The time a court barred defendants from arguing that ghosts don't exist
October 31, 2015 9:27 AM   Subscribe

"The legal system is practically infested with cases about people who buy houses full of termites and find out too late. These are run-of-the-mill lawsuits that can turn on the wording of the contract and the jurisdiction the house was sold in. Stambovsky v. Ackley is basically the same, except ghosts." Sarah Jeong, writing for Motherboard.

Previous Sarah Jeong.

The title of this post comes from Derek Mead.
posted by Banknote of the year (6 comments total) 6 users marked this as a favorite
RTFA. The post title was infuriating, but reading why the court argued why they did, I see it makes sense. I also agree with the dissenting judge that if you're going to throw out caveat emptor, poltergeists might not be the best reason.

Thing is, if they had just listed the house as haunted, they could have gotten even more for it. One real estate broker in New Orleans has figured this out.
posted by thecjm at 11:00 AM on October 31, 2015 [1 favorite]

I did RTFA and I'm not getting how the court's decision makes sense. Are you required to disclose if your house is locally famous?
posted by selfmedicating at 11:52 AM on October 31, 2015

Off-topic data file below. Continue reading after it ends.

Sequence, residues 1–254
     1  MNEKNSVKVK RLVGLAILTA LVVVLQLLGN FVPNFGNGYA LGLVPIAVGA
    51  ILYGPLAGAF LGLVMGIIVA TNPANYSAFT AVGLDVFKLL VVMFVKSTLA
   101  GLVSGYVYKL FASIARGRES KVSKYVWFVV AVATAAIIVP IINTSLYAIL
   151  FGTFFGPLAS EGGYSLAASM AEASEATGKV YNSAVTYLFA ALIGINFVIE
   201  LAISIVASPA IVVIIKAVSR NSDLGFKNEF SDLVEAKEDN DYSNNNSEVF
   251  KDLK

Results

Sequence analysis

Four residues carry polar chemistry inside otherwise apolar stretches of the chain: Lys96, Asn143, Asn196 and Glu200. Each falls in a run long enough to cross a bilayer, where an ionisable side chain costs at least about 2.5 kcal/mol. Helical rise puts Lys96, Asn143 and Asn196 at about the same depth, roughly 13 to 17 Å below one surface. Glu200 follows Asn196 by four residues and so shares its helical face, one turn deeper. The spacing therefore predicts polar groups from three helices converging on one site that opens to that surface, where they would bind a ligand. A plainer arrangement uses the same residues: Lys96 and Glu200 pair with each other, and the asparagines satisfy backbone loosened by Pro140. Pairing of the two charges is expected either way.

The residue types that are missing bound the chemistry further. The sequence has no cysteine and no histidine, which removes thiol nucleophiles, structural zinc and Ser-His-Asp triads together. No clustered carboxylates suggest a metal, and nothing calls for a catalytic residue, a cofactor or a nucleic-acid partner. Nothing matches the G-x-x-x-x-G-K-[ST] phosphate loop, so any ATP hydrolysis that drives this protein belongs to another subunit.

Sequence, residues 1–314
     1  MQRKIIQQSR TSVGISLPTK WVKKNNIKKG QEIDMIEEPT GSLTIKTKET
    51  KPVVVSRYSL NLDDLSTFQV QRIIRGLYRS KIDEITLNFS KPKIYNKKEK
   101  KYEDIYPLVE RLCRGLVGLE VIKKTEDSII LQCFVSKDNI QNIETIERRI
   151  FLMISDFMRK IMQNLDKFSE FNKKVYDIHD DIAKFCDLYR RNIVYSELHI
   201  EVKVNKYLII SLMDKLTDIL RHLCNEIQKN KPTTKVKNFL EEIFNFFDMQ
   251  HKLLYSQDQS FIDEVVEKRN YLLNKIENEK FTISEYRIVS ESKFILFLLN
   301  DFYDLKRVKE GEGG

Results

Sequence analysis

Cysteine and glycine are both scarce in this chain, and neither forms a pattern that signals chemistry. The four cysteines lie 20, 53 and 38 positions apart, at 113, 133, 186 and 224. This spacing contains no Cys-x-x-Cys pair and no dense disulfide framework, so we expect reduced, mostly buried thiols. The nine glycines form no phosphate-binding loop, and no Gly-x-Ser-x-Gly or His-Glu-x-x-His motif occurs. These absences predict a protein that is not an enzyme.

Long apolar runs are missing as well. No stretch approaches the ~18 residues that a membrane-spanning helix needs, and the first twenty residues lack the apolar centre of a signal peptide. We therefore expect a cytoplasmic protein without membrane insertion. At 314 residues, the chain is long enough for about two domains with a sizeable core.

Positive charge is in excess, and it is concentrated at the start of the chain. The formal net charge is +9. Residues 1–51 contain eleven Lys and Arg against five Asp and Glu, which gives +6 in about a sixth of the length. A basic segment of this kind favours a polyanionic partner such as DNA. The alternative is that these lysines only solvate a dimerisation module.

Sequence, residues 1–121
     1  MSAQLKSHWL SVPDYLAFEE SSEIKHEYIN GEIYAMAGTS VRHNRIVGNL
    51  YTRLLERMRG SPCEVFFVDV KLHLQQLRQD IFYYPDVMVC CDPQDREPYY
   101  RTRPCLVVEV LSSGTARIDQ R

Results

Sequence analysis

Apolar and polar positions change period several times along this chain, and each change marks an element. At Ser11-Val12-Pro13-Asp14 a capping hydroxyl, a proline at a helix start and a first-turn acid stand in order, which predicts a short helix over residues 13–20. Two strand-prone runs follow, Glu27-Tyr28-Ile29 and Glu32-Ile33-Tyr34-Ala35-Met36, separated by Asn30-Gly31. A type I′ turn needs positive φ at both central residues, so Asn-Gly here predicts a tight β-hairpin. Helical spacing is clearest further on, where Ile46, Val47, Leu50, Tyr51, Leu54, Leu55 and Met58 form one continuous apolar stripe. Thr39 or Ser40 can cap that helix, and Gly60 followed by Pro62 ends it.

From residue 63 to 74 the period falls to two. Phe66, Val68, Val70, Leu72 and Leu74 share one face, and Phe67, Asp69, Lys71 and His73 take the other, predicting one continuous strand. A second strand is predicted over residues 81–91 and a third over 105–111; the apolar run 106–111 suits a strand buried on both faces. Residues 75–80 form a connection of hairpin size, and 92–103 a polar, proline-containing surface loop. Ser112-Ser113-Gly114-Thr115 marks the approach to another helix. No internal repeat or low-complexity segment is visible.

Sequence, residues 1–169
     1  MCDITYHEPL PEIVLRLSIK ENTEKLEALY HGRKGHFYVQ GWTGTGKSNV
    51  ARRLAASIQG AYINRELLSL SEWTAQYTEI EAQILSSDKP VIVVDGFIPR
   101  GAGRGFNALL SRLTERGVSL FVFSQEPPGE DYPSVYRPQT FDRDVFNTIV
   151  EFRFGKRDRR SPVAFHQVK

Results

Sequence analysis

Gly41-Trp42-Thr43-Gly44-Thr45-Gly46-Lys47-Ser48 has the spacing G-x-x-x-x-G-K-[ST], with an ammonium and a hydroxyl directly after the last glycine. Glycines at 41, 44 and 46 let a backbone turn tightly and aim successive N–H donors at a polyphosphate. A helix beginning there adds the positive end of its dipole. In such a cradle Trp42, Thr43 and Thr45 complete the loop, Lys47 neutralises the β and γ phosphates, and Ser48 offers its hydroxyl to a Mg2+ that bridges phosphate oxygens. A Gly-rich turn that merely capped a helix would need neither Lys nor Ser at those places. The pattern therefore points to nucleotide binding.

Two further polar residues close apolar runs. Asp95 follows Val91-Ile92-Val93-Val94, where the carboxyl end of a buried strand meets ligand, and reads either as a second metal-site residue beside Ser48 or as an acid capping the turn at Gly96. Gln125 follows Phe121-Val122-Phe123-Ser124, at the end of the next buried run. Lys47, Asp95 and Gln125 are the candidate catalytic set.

I think the argument is more, "If you spend a few decades telling everyone your house is haunted, you can't argue, 'Ghost's aren't real,' when your buyer complains you didn't disclose that fact during the sale."
posted by thecjm at 12:02 PM on October 31, 2015 [5 favorites]

Houses known to be 'haunted' attract sightseers and 'ghost hunters'. That the house is 'haunted' (even as local folk-lore) thus has real-world implications for the quality of life in that house.
posted by truex at 2:00 PM on October 31, 2015 [4 favorites]

This case was in one of my law school textbooks. We got a good chuckle out of it.

Unrelated: that textbook was written by Andrew W.K.'s dad.
posted by kevinbelt at 2:14 PM on October 31, 2015 [4 favorites]

I believe Jeong to be a real treasure but this just wasn't up to what I usually think of as her level of quality. Maybe that's just reflective of my own hobby horse about how poor most legal reporting is; usually she's so great about cutting to the legal core of the matter and this seems like just another hurfdurf funny stuff in an opinion article.

I guess she is entitled to slum it and get paid just like anyone else, but anyone could have written this.
posted by phearlez at 11:31 AM on November 2, 2015

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